March 5, 2010

King Solomon and the Case of Two Mothers

CAROLYN’S COMPOSITIONS is now located at Carolyn’s Online Magazine.

After reading about King Solomon I invite you to visit the new site.



Moderator: This is a story of two mothers who bring their case before King Solomon. The King knew that on the date in question, in the middle of the night, two prostitutes slept peacefully, their newborns tucked in their arms. The two women aren’t named in the Bible, but we will call them Mona and Lena.

Mona woke that night to discover she’d laid on her child, smothering it. Very distraught, she heard her friend Lena’s baby softly cooing in its sleep. Suddenly, in her grief, an idea came to her. She quietly stepped over to Lena’s bed, took Lena’s sleeping baby from her, and placed her own dead baby in Lena’s arms. Now, Mona reasoned, she wouldn’t have to suffer the loss of her child.


Moderator: Everybody come to order. Court is in session now.

King Solomon: Women, what appears……

Lena: Your Honor, Your Majesty. Mona and I lived together. I gave birth to a healthy baby boy. Three days later, Mona had a son also.

Usually my baby’s cries of hunger wake me up, but that morning I slept long. No cries wakened me. I woke to find my son still sleeping. I tried to nudge him awake because it was well past his eating time, but something was terribly wrong. He wouldn’t (more…)

February 12, 2010

My Mother as My Mentor



      My mother wasn’t a “present” mom. I can’t recall any conversation I had with her beyond the normal, eg. “do the dishes” and “I need you to babysit.” These weren’t conversations, anyway—they were instructions. There were no mother-daughter chats or outings.

     Throughout my teen years she was held up as a pillar of her church and community, yet I knew the truth: she wasn’t a very “moral” person.

     She once told me her mother, my grandmother, was so overbearing that she gave my mother three choices: teaching, nursing or office work—none a choice that satisfied her. My mother chose to (more…)

January 26, 2010

Hats Make a Statement



If hats were bats, her closet would be a cave…

But hats are not bats, so what are the stats? 

A Twitter by Dmitri written for Carolyn

     I reached the intersection at the Greensburg (PA) Courthouse. There was a green light but no traffic. I hesitated, wanting to proceed across the road, but pedestrians can only legally cross the street when the white hand, a “permission to walk” light, was lit. I debated whether I should cross, “against the law.” And I recalled a ticket I received in Washington, D. C. once. It was a street divided by a cement island, and I didn’t realize that if the light changed, the pedestrian was to stop on the island until it turned green again. I hurriedly continued crossing, and was tagged by a police officer.

     I decided to wait for the walk light. Just then, a “young” man in a business suit reached the corner and stopped. He seemed familiar with the intersection. He noted my indecision and laughed before he informed me that he usually crosses Greensburg streets if there is no traffic, even without the walk light, but he waited at this intersection, because it could be hazardous—drivers weren’t considerate with pedestrians.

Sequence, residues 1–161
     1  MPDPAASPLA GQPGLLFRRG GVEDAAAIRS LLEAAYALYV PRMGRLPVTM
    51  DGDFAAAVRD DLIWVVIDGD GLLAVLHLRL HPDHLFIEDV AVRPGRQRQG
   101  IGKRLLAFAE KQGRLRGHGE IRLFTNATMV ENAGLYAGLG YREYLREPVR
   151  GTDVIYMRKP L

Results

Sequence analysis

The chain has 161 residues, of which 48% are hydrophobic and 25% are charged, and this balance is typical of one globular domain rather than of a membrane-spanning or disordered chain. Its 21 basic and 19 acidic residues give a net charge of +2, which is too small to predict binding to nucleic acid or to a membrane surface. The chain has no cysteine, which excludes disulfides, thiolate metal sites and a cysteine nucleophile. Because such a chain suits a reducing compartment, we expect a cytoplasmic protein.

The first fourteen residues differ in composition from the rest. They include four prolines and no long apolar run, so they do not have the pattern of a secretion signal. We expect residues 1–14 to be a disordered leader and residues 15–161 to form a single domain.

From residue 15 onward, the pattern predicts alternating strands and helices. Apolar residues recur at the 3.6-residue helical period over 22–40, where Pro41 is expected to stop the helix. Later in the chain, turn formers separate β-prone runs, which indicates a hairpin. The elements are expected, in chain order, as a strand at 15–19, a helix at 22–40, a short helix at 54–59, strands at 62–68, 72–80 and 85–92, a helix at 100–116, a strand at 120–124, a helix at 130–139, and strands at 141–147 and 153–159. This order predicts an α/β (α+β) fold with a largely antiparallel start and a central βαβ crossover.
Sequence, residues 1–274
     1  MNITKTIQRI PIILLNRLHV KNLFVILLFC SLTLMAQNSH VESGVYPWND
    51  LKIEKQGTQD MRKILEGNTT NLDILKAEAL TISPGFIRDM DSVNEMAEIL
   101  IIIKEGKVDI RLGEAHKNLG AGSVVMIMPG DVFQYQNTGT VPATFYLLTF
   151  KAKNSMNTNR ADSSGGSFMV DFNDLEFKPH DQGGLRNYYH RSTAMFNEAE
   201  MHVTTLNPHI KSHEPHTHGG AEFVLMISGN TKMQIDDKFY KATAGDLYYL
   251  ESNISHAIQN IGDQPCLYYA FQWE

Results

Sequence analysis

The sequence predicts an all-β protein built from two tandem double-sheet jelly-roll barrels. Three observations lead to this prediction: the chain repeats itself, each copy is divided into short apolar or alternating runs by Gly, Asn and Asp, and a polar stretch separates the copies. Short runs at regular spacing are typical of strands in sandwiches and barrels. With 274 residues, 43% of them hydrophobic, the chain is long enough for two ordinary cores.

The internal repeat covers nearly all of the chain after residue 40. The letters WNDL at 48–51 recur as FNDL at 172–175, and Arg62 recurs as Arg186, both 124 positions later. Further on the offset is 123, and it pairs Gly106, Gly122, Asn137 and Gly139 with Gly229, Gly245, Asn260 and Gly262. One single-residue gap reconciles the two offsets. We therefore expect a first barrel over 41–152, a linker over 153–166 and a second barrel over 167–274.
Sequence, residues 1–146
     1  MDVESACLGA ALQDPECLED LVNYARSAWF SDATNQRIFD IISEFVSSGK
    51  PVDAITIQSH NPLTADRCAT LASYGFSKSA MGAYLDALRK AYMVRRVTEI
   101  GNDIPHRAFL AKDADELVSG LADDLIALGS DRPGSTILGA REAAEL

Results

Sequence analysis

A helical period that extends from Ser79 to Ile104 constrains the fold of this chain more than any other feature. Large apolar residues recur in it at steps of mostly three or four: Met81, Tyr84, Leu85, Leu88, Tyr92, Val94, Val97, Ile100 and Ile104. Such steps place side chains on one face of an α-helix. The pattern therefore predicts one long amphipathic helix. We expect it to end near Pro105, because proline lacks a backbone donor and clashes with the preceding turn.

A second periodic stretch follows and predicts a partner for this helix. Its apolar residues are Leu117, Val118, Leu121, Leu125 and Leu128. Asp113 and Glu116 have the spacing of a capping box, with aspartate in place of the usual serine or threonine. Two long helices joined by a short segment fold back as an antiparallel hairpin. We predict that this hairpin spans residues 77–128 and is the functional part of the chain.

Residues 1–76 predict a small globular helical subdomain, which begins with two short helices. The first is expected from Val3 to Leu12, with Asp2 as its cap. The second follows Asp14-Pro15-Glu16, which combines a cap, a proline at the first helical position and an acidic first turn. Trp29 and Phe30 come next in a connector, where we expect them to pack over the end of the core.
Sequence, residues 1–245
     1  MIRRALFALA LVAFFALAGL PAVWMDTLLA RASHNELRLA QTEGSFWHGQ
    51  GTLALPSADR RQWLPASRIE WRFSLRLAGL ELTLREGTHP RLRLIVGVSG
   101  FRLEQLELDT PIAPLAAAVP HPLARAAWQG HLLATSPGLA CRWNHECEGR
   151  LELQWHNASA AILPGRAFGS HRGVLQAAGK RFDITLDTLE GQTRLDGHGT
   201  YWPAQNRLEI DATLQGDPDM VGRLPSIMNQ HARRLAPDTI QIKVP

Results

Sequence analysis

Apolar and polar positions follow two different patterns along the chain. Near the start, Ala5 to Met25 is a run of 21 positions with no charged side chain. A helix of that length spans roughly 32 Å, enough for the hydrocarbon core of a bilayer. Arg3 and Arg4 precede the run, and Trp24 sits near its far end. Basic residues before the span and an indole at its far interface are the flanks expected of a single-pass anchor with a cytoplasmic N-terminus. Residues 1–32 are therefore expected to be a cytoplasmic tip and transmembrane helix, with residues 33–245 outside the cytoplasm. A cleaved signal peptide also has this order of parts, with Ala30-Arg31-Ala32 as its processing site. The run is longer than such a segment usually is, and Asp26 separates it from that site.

Just then, a car rolled up to the corner, the driver’s blinker indicating his intention to turn right. But instead of continuing, he stopped and waved us across. 

     “That never happens,” the young man said, shaking his head in amazement and surprise.

     “But perhaps it’s the magic of a woman wearing (more…)

October 17, 2009

We’re Adopting a Baby! Part 4




 Part 4 will conclude the post series, We’re Adopting a Baby! To read Part 1, Part 2 and/or Part 3 of this post, click on: We’re Adopting a Baby! Part 1 & We’re Adopting a Baby! Part 2 & We’re Adopting a Baby! Part 3

     Our own adoption home-study had proven a difficult experience for me. My caseworker didn’t like me very much. I believe she felt threatened by the fact that I was doing adoption home-studies myself, in spite of the fact that she had forty years of experience to my being a newbie. The only saving grace was that she adored Monte. He could, and did, say things that might be prejudicial against our acceptance, with (more…)

October 12, 2009

We’re Adopting a Baby! Part 3



To read Part 1 and/or Part 2 of this post, click on: We’re Adopting a Baby! Part 1 & We’re Adopting a Baby! Part 2

Before I accepted my job as home-study caseworker for adoptive families while I myself was in the adoption process, I stipulated two things to my boss, Naomi.

First, I gave my notice. Unlike giving biological birth, adoptive parents have no set (more…)

October 5, 2009

We’re Adopting a Baby! Part 2



      To read Part 1 of this post, click on: We’re Adopting a Baby! Part 1

     When I accepted my job, interviewing prospective adoptive couples, I wondered what I would do—how I would feel—when confronted by a couple who might not make the best of parents. This was an experience fate didn’t delay. The case history of the first couple I interviewed was strangely unnerving. All indications pointed to the fact that this couple was unqualified to have a child placed in their care, according to the middle class yardstick by which (more…)